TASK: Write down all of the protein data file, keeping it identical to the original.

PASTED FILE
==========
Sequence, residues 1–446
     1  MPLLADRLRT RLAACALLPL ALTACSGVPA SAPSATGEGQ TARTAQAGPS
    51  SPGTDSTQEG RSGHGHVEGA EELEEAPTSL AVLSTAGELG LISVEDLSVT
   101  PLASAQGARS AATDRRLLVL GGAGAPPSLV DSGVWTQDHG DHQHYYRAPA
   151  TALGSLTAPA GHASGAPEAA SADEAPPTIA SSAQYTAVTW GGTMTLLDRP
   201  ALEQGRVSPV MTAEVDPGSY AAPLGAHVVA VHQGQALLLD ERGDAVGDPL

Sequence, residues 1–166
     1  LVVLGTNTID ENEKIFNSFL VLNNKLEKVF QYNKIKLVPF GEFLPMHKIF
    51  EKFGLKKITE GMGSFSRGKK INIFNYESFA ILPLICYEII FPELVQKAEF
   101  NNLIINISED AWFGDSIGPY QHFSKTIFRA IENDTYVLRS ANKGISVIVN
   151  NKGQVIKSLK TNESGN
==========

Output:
Sequence, residues 1–446
     1  MPLLADRLRT RLAACALLPL ALTACSGVPA SAPSATGEGQ TARTAQAGPS
    51  SPGTDSTQEG RSGHGHVEGA EELEEAPTSL AVLSTAGELG LISVEDLSVT
   101  PLASAQGARS AATDRRLLVL GGAGAPPSLV DSGVWTQDHG DHQHYYRAPA
   151  TALGSLTAPA GHASGAPEAA SADEAPPTIA SSAQYTAVTW GGTMTLLDRP
   201  ALEQGRVSPV MTAEVDPGSY AAPLGAHVVA VHQGQALLLD ERGDAVGDPL

Sequence, residues 1–166
     1  LVVLGTNTID ENEKIFNSFL VLNNKLEKVF QYNKIKLVPF GEFLPMHKIF
    51  EKFGLKKITE GMGSFSRGKK INIFNYESFA ILPLICYEII FPELVQKAEF
   101  NNLIINISED AWFGDSIGPY QHFSKTIFRA IENDTYVLRS ANKGISVIVN
   151  NKGQVIKSLK TNESGN